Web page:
Simple Deer Proofing

Once the posts were in place, just one on each corner, about 2′ outside of the picket fence. I tied the fishing line to the posts creating several horizontal rows of nearly invisible line about 6″ apart.

Simple Deer Proofing

See, it is nearly invisible, isn’t it?!

Simple Deer Proofing

Since we have a gate we use during the day, we have a temporary set up for that. We just move the line across for the evening after we’re done using the gate for the day.

Simple Deer Proofing

So that’s what it looks like all finished:

Simple Deer Proofing

I think I’ll paint the fence posts all black so that they blend in a little bit better.

It’s been a week and so far not a single deer has been into the back yard for an appetizer (or their main entree! Yikes!)  I think this simple deer proofing fence is actually working!

I will keep you updated on it and let you know if this continues to successfully keep the deer out…

Now, to the blossom end rot on the tomatoes… I have a plan… check back!

Shopping Links:

Here are more posts about garden and landscape projects:

To see the video that inspired us, check it out here.

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Reader Interactions


  1. Candy Delano says

    We have a lot of deer in our area but not in my yard. The dog likes to chase them so they don’t bother us. My problem, for anyone out there that can help as we are desperate, is MOLES. They are all over my front and side yard and I have a cat and 2 dogs so the stuff I’ve looked into is poisonous to them. Any suggestions. I want to plant my Norfolk Pine and a few other plants but am afraid the moles may destroy them. Thanks for any help you can give me.

    • Liz says

      Candy, I’m not sure how to get rid of the moles… I know when we had skunks digging up our front yard, the answer was getting rid of their food source. In that case it was treating the lawn for the grubs hidden under the grass. Once the grubs were gone, so were the skunks. Do you know what moles eat? Could it be something that easy? Good luck!!

      • JudynIvey says

        Candy, we had this problem and it was so bad we were watching a plant one day and saw it literally just go down in the ground like the little monster was down there just pulling with all his might. Get some Juicy Fruit chewing gum, (it has to be Juicy Fruit),
        and break off little pieces and put it in the area where they are. Better yet, if you see the holes in the ground. drop small pieces in the hole. It won’t take long. Sounds ridiculous, but it worked for me. good luck.

  2. Casey Terminello says

    This set-up is very dangerous to deer. It is almost invisible and a deer could get seriously hurt if it didn’t see the wire. I would not suggest this as a remedy.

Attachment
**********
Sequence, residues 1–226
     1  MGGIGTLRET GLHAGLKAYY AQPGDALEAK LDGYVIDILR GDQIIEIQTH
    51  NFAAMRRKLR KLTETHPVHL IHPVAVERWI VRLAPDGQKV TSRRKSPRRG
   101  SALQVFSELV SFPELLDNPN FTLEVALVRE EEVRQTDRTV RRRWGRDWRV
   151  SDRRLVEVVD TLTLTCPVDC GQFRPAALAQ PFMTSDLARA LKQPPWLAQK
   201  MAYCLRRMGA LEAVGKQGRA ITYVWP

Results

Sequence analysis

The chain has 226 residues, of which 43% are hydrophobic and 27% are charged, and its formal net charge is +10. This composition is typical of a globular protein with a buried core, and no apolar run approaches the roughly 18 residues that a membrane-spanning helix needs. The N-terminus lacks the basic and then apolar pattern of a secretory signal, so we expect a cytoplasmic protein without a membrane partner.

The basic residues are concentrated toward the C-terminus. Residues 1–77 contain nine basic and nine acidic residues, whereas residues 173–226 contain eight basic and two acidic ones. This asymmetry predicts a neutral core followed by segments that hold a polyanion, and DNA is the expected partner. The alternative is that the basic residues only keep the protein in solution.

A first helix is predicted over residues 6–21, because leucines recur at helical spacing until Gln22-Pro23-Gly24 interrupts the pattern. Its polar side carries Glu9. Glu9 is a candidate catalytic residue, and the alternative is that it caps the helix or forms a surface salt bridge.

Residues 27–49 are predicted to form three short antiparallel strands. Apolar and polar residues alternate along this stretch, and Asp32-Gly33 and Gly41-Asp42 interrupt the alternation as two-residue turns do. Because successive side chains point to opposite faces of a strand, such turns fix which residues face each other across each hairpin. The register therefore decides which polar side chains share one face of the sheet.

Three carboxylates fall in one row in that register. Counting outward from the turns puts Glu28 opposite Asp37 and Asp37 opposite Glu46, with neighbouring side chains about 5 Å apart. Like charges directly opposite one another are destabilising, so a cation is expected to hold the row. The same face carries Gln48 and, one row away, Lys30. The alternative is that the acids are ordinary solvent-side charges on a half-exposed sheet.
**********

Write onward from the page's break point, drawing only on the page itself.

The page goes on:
• Liz says

      Casey, thanks for your comment… Perhaps in some conditions this wouldn’t be the best answer, but in this case with a visible picket fence right next to it, we feel confident of it’s safety. Also, it should be noted, it’s not “wire” as you wrote, it’s filament, (plastic fishing line) so that is much weaker than actual wire would be. I do believe it is safe for this application.

  3. Donnamae says

    Oh Liz…you have my sympathies on your fruit trees. Deer…for such beautiful animals…sure do ravage the landscape, don’t they? I will be very curious as to how your semi-invisible fencing worked out for the long haul. I think it’s a great solution, especially if you already have fencing. We do not, so my solution is to spray my plants…hydrangeas and hostas seem to be their favorites. The spray is stinky, but only til it dries. It does seem to last quite awhile, too. Thankfully, my veggies are safely tucked into pots on our 2nd floor deck. Now…time for you to get back to relaxing in the backyard with a cup or glass of something! 😉

    • Liz says

      Yes, Donnamae, I totally agree… They are such pretty animals, at a distance. LOL I’ve heard of spray, what kind do you use? Good to hear that it works!

      • Donnamae says

        I use Liquid Fence….deer and rabbit repellent. Like I said it’s stinky, but only til it dries. And it lasts…a month. Then you might have to reapply. Hope you are running the battle! Sorry it took so long to reply….I kept forgetting. That’s because I didn’t write it down, lol! 😉

    • Liz says

      Judy, I would be curious how it could possibly injure someone… person or animal? If a person walked into it, (they would be walking directly into the picket fence, so not sure why someone would be doing that?!) they would just bounce back… The line goes across from the bottom to the top. Their whole body would run into it. In fact, this would hurt less than if someone walked directly into the picket fence. LOL